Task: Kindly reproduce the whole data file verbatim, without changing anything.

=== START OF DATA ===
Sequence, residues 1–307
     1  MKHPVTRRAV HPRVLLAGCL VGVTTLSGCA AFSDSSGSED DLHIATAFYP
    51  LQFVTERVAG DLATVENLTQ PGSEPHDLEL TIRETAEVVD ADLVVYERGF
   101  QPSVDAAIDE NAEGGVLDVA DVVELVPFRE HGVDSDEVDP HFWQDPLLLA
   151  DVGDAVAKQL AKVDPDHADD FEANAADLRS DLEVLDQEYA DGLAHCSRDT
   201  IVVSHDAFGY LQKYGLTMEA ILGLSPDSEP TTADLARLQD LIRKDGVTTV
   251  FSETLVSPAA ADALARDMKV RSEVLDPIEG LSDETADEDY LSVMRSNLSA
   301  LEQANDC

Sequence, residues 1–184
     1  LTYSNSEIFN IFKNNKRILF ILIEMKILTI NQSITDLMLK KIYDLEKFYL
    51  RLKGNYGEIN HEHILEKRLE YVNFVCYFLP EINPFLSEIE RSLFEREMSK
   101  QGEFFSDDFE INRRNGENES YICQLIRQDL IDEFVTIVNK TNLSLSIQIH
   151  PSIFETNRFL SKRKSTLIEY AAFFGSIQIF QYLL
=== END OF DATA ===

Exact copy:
Sequence, residues 1–307
     1  MKHPVTRRAV HPRVLLAGCL VGVTTLSGCA AFSDSSGSED DLHIATAFYP
    51  LQFVTERVAG DLATVENLTQ PGSEPHDLEL TIRETAEVVD ADLVVYERGF
   101  QPSVDAAIDE NAEGGVLDVA DVVELVPFRE HGVDSDEVDP HFWQDPLLLA
   151  DVGDAVAKQL AKVDPDHADD FEANAADLRS DLEVLDQEYA DGLAHCSRDT
   201  IVVSHDAFGY LQKYGLTMEA ILGLSPDSEP TTADLARLQD LIRKDGVTTV
   251  FSETLVSPAA ADALARDMKV RSEVLDPIEG LSDETADEDY LSVMRSNLSA
   301  LEQANDC

Sequence, residues 1–184
     1  LTYSNSEIFN IFKNNKRILF ILIEMKILTI NQSITDLMLK KIYDLEKFYL
    51  RLKGNYGEIN HEHILEKRLE YVNFVCYFLP EINPFLSEIE RSLFEREMSK
   101  QGEFFSDDFE INRRNGENES YICQLIRQDL IDEFVTIVNK TNLSLSIQIH
   151  PSIFETNRFL SKRKSTLIEY AAFFGSIQIF QYLL